The Call For Silencers Is Getting Louder

As the governor of Iowa prepares to sign a law allowing suppressor ownership in the state, gun rights groups are working to remove several federal restrictions related to the purchase and ownership of suppressors.

In Iowa, Gov. Terry Branstad is scheduled to sign House File 2279 into law at Brownell's headquarters in Grinnel, according to this story from kcci.com. The state Senate passed the bill on March 17 to allow the legal sale, use, and possession of firearm suppressors. It also provides penalties in addition to regulations. Currently, cans are illegal in the state.

Nationally, the Hearing Protection Act would exempt suppressors from the National Firearms Act of 1934, a law that also regulates short-barreled rifles, stocked pistols, fully automatic firearms, and other devices. Currently, if you want to buy a suppressor, you must pay for a $200 tax stamp and wait several months for the ATF to process the extensive paperwork and background checks on the item before purchase is allowed.

This story from the Free Beacon says a coalition of gun rights groups, including the NRA and NSSF, are making the bill a top priority for 2016, along with SilencerCo, a leading suppressor manufacturer.

“'It could be a really big deal for the gun industry,' said SilencerCo CEO Joshua Waldron, who also holds positions at the American Suppressor Association and NRA. 'We’re gaining momentum. The best part about this bill is we didn’t understand how much support we would get from all of the organizations: NSSF, NRA, Congressional Sportsman Foundation. It’s really a strong push because in essence everybody understands what suppressors really are.'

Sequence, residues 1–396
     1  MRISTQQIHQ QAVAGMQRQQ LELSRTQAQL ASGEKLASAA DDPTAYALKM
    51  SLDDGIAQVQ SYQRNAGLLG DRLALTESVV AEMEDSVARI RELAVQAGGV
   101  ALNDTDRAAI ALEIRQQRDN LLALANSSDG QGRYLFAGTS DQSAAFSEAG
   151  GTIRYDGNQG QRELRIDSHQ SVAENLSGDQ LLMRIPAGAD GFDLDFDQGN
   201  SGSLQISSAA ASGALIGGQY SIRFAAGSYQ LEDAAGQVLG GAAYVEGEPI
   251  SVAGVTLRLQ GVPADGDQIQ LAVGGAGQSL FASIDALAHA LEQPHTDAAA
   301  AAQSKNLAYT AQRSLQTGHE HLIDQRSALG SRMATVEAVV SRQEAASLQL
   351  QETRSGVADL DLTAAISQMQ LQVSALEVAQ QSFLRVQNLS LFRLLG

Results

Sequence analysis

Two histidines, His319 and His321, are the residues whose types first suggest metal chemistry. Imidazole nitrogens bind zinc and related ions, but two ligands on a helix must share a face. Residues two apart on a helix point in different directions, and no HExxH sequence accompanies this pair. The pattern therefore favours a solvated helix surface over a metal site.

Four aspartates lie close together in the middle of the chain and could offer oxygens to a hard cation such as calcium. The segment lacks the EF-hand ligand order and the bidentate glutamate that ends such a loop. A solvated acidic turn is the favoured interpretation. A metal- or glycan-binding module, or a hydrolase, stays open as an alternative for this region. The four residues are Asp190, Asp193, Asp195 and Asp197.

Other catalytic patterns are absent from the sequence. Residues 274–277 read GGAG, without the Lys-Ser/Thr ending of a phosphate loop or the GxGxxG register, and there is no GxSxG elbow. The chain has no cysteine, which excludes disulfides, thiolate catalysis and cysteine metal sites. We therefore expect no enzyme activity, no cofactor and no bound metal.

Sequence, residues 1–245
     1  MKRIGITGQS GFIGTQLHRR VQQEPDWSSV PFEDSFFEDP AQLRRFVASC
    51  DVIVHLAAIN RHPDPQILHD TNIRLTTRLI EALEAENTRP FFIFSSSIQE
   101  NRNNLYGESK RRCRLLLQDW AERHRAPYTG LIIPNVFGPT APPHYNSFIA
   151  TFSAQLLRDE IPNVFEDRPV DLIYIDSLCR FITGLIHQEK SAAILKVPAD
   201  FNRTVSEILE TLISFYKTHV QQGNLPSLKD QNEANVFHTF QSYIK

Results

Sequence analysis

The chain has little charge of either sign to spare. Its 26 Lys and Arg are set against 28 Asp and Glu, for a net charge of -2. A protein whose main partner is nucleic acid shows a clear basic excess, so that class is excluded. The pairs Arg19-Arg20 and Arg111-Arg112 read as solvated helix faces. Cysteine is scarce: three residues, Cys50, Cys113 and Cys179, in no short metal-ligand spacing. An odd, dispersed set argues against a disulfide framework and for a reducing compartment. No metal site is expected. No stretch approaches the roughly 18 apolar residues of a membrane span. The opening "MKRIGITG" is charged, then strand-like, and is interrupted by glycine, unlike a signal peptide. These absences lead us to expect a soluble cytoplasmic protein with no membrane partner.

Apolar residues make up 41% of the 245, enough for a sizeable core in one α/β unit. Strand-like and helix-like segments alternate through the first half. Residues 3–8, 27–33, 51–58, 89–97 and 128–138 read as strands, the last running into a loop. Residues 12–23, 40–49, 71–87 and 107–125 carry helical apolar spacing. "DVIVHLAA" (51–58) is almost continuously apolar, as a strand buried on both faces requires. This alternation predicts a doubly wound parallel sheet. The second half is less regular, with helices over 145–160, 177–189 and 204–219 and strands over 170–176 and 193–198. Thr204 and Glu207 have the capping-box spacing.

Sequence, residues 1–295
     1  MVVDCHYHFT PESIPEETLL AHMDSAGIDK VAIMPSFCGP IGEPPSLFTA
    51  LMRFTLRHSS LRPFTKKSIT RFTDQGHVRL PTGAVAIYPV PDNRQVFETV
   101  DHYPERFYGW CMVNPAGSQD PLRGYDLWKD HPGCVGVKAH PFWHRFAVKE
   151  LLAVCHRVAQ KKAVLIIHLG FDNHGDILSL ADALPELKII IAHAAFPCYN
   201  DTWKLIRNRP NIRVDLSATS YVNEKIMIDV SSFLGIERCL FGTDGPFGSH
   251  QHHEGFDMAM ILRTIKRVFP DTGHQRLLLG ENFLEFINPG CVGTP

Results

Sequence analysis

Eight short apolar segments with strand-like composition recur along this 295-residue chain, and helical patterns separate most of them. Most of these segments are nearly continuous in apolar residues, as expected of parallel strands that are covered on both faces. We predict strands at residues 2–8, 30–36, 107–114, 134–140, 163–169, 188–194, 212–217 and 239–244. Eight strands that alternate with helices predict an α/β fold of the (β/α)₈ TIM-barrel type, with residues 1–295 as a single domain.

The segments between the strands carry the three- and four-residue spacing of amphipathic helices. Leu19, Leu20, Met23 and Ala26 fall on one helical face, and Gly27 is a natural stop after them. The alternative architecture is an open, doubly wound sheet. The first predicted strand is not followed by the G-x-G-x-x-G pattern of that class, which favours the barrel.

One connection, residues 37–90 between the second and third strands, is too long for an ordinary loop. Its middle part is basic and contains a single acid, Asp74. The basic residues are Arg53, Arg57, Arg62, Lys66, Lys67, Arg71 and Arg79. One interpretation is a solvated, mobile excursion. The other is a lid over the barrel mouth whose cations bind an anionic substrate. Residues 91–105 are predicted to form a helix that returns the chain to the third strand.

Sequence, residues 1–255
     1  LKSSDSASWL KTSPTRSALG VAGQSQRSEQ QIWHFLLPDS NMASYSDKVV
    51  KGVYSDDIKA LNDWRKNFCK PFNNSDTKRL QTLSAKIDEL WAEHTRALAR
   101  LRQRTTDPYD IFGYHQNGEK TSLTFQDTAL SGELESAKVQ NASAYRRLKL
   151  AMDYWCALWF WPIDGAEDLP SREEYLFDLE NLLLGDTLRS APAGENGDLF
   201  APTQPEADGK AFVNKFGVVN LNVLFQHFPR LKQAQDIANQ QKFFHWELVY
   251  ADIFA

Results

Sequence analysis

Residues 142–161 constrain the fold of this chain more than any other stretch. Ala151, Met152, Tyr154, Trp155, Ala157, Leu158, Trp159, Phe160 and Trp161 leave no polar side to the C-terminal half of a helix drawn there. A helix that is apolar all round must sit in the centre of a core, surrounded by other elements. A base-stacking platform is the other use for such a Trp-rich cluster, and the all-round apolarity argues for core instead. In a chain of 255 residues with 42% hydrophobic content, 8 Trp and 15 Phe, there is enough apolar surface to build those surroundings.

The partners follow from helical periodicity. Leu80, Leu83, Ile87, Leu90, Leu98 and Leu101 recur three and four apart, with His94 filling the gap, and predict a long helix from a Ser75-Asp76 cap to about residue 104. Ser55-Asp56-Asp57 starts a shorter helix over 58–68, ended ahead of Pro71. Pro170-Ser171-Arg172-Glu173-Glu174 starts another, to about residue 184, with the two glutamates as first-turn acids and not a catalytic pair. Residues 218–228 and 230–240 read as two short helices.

“'They make hunting and shooting safer. That’s an issue that everybody can get behind on both sides of the table.'”

The bill was introduced by Republican Representative Matt Salmon of Arizona, an avid shooter and user of suppressors. The bill also has 55 co-sponsors, including some Democrats. The swell of positive support may have something to do with the fact that there have been nearly no crimes committed that involved suppressors.

“There have been zero legally-owned suppressors used in crimes since the ‘30s,” said Waldron. Many have pointed out in the past that suppressors don’t hide the noise of a gunshot the way they do in the movies, but only muffle it to a level where you don’t need hearing protection, very much like the muffler on a car. In fact, the two devices were invented by the same guy.

They also aren’t very practical for criminals, because they make a firearm considerably longer, making much harder to conceal and more difficult to use.

Suppressors are currently legal in more than 40 states.